February 13, 2007

You Hear That? That’s Studio Silence

mic150.gifI think I may have dreamed this, but I would swear that someone told me there was something called “studio silence”.

I asked Google if it new what it wasYoo hoo, Yahoo? … and even MSN, but none of them could confirm what is in my brain. Was it all a strange dream?

Basically, it goes like this. There is actually something that studio musicians and people who work in recording studios call “Studio Silence” and it is the actual recording of silence from within a recording studio. Since that time, whenever a song like The Cars “You Might Think” is on and Ric Ocasek gets to the lyric:

But you kept it going
‘Til the sun fell down
You kept it…

I’ll say with confidence, “You know that silence in between those lyrics? That’s what they call studio silence.”

And people look at me and seem impressed like I know what I’m talking about. They really do.

I’m somehow convinced that someone really knowledgable told me about this and I’m thinking it may be my friend and college roommate, Matt, so perhaps he’ll chime in and back me up or confirm that I’m losing my mind and have been lying to people for years about studio silence. He’s such a good friend, that he may be thinking the latter but say the former just to protect me.

I guess if it’s complete B.S., at least I looked really smart to a lot of people and that’s something, isn’t it?

Post Details


Music Technology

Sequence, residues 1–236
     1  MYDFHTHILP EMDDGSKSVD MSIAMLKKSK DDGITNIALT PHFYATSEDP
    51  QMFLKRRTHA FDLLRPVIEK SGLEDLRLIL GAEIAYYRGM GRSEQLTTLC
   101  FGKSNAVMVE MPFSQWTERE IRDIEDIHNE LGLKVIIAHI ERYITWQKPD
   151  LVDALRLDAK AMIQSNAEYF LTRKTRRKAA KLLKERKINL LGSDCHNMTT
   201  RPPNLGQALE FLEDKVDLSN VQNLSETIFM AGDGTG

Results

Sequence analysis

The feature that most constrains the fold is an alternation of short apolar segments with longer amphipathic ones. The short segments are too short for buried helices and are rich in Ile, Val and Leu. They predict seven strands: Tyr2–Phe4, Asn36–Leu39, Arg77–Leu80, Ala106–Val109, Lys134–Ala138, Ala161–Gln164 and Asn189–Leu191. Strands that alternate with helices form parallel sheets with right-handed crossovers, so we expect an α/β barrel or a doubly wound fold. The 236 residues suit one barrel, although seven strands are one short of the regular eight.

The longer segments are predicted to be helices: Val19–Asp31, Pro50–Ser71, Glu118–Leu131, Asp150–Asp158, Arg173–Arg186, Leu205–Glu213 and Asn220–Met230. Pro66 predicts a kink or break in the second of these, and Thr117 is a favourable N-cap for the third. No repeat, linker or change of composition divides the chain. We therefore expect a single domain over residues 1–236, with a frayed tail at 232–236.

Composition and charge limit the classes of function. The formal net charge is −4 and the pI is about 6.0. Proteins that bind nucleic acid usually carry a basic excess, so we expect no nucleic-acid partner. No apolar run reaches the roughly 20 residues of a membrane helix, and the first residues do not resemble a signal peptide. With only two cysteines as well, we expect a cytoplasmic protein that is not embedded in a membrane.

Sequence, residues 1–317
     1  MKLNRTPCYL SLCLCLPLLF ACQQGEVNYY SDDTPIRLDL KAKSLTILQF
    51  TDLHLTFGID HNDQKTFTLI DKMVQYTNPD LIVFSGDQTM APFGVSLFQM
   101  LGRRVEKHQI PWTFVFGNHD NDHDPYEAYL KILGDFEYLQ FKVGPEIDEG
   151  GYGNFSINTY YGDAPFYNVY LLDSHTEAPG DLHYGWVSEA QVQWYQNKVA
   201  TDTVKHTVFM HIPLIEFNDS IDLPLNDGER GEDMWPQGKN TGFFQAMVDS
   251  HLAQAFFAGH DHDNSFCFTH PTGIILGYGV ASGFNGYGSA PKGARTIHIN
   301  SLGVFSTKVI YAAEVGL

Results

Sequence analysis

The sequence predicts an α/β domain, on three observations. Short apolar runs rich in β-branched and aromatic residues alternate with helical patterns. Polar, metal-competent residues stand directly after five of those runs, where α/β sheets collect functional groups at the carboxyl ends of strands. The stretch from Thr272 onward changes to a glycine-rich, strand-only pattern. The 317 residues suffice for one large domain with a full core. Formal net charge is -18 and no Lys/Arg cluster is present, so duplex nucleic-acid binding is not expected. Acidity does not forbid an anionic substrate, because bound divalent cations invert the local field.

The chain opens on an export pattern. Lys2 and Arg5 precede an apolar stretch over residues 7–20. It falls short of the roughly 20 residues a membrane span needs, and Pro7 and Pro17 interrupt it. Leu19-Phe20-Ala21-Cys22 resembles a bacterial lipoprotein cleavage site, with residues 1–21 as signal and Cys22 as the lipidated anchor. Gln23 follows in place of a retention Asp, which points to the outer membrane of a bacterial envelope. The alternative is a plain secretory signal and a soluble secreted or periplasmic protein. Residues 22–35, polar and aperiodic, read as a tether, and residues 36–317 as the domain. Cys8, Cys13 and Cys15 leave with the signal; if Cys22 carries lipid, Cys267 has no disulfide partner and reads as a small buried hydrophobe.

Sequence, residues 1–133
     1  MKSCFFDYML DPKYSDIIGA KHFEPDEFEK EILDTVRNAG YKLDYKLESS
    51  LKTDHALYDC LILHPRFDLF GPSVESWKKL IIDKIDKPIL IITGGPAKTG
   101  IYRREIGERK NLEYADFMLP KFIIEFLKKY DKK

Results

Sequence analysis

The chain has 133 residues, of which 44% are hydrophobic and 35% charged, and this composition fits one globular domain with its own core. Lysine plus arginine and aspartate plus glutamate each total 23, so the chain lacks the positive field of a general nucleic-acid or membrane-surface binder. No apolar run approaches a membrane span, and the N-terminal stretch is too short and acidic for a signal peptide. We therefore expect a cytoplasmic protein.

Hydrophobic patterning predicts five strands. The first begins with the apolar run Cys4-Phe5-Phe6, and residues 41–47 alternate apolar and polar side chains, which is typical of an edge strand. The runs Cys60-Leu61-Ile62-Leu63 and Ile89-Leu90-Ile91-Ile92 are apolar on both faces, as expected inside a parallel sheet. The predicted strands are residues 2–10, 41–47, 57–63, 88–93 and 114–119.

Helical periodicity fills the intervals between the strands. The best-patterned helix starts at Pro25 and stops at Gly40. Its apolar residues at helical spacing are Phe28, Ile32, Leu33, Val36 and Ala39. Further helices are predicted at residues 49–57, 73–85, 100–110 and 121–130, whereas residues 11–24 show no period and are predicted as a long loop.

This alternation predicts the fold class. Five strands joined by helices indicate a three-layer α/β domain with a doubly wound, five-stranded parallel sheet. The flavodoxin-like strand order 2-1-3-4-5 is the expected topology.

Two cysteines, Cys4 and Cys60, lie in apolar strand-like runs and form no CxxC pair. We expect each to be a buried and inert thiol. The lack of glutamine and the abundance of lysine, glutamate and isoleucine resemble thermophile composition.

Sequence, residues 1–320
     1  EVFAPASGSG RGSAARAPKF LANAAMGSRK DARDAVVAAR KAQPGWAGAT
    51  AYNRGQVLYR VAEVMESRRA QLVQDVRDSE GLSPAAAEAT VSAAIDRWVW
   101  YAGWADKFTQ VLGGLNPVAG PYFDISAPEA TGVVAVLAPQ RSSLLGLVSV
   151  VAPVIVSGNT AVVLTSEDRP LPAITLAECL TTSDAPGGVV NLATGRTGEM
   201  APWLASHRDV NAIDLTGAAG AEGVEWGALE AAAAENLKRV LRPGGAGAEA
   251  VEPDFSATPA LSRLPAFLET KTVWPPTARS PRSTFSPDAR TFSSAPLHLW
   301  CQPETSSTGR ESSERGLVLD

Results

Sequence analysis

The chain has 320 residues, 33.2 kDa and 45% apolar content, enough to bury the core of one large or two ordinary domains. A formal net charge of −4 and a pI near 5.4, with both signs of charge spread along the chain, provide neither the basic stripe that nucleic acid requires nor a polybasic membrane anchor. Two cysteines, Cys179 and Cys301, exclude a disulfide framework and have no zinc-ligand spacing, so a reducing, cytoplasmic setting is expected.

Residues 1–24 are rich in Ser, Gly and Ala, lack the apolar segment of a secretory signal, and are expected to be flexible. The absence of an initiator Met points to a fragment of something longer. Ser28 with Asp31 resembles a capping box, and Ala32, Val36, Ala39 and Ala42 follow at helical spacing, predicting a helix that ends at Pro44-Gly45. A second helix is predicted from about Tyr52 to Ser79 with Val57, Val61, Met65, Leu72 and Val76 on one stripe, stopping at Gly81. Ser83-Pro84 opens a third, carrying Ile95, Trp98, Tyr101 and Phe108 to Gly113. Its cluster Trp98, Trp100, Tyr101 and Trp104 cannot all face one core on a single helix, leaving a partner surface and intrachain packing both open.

February 13, 2007



Comments (4)

  • Matt February 13, 2007 

    I am television producer and music composer. I’ve have worked in television studios and recording studios for years. I’ve had my own home recording studio for a couple of years now, so I can tell you from experience – you’re right. (let’s visit the sanity issue over the phone where we have a little privacy)

    In even the best recording studios, there will be noise. No matter how thick the walls are, there will be noise from outside that gets into an open mic. Also, studio equipment produces heat and that heat will cause audible broadband noise in the system. These and other factors produce a very low audio signal called a “noise floor” – in other words, the quietest that a studio with an open mic can get.

    If you were to remove the noise floor completely, you’d hear it. Here’s an example, I went to D.C. to shoot a lawyer for a documentary. We shot at his office, but I was very pleased to find out that his office was a very quiet place – very much like a recording studio with great accoustics. Between sentences, he would sometimes lightly cough with his mouth closed. When I was editing it, I took those coughs out – the problem was that when I took them out there was “pure electronic silence” in the gaps – that’s not good because you can realy hear perfect silence. So, I had to cut little pieces of room silence out of other parts of the video tape to fill those gaps. The coughs were gone and the illusion complete.

  • Ausbury February 13, 2007 

    Yes! I am not insane and it definitely was Matt who told me about “studio silence”.

  • dorsey March 1, 2007 

    I’m with Matt, although I’ve never heard the term “studio silence.” We always called it “room tone.” It’s especially noticeable when shooting video. Cut from a shot in one room to a shot in another and you’ll hear the difference. When shooting something to be edited later, I always recorded a minute or so of the room tone to have a place to grab from while mixing down audio.

    I believe this was the topic of the popular Simon & Garfunkel song. ; )

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